As you can't store your client's credentials in a safe area, you'll need to use the implicit grant. This way is mainly used by frontend-only environments, like websites or mobile applications.
- The user asks for Login inside your application
- Instead of building a login-form, you just redirect the user to our OAuth endpoint
- The user authenticates with their credentials
- If nothing goes wrong, the AniAPI server redirects the user to your app with their
- An AniAPI OAuth Client
- A website or a mobile application
- A temporary webserver to grab the token
Open a browser window (or just redirect if your application is a website) and make a request to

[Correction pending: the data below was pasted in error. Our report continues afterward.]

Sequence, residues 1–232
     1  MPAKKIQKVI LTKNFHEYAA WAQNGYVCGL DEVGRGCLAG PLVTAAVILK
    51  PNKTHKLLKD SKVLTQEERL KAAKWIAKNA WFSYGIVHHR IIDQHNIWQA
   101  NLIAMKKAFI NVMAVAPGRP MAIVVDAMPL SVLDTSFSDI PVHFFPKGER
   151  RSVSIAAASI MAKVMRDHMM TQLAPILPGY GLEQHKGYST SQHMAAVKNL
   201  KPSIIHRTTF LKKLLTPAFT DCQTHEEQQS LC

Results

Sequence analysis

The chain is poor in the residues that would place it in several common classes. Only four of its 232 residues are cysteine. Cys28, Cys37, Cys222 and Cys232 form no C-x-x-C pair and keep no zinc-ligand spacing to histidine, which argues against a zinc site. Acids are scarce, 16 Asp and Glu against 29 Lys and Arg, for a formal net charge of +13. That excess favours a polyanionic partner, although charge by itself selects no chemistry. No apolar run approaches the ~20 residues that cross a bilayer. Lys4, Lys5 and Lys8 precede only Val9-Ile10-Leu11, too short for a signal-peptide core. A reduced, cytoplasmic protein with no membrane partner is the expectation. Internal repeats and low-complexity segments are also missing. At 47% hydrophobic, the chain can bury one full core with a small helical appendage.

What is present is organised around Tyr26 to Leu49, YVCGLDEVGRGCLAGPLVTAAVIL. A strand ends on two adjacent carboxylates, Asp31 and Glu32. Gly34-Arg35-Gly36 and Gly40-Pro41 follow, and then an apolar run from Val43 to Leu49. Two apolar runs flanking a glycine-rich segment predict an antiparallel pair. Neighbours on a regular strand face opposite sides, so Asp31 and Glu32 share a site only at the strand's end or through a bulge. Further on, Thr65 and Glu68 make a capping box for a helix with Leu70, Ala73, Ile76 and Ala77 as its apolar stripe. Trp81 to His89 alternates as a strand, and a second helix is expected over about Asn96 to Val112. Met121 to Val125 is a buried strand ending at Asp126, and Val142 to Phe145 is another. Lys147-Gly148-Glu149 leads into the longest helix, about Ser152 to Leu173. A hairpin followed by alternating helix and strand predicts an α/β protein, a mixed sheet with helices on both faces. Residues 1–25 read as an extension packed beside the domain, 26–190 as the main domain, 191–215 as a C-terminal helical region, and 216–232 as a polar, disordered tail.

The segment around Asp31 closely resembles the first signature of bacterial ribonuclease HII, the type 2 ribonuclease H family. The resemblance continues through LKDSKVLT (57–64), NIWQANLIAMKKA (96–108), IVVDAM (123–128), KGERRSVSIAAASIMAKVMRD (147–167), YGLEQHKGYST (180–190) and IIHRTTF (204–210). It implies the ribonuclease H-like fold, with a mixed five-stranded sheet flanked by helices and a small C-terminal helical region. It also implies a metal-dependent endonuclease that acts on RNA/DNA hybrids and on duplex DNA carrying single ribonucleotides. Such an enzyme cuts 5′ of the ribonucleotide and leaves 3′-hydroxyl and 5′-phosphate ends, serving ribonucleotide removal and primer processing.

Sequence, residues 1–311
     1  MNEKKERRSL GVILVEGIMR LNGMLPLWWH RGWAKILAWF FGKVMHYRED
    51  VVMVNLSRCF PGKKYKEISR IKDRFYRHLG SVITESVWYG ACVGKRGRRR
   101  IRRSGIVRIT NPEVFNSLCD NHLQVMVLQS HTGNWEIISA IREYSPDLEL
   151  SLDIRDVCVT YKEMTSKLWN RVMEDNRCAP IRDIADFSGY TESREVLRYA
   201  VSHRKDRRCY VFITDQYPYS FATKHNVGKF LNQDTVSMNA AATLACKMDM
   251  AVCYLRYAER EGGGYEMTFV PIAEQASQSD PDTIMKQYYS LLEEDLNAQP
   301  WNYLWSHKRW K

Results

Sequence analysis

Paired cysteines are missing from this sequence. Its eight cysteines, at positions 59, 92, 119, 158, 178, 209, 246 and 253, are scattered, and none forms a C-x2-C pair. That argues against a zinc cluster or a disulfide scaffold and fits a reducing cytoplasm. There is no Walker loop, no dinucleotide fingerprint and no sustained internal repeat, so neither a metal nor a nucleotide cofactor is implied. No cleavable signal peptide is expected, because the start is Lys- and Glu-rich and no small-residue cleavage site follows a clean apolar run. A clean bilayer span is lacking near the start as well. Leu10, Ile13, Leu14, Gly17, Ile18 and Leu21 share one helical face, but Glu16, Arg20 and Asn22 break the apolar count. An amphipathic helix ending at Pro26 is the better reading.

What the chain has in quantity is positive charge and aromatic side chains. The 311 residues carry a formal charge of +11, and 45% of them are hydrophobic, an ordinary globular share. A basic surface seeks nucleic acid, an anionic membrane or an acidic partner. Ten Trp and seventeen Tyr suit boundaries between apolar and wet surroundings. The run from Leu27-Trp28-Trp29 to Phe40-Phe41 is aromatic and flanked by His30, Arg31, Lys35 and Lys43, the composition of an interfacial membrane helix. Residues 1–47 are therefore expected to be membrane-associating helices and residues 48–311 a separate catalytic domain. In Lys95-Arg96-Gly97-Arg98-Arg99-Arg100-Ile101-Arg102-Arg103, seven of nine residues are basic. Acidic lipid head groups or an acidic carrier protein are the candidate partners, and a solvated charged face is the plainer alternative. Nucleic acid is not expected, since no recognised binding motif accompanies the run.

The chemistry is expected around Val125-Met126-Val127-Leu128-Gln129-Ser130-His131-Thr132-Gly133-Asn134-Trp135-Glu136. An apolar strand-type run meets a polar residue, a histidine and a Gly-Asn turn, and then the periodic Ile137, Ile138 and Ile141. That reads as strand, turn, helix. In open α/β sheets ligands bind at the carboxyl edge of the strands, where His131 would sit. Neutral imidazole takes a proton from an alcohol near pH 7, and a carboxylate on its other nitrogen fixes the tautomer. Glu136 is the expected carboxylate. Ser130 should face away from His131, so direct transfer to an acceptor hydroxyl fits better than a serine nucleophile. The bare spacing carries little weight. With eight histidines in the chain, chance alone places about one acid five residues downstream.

oauth endpoint expects some parameters to identify the client calling it:
|Yes||Your client ID|
|Yes||Your client redirect URI|
|Yes||For implicit grant pass |
|No||A random string generated by your application|
redirect_uri values must match your client's one.
state parameter (optional) is used to protect your application from cross-site request forgery (CSRF).
If provided, the AniAPI server will return it alongside the user's
Verify it against the value you provided before to validate the response.
https://api.aniapi.com/v1/oauth? response_type=token &client_id=<CLIENT_ID> &redirect_uri=<REDIRECT_URI> &state=<RANDOM_STRING>
Once the user approved the Authentication request and completed the login step, the AniAPI server will redirect them back to your application.
Let's assume you provided
redirect_uri value. This will be the redirection URL:
As you can see, inside the URL fragment there will be the user's
access_token and the optional
state value you provided initially.
The URL fragment differs from a querystring because it is accesible from frontend only.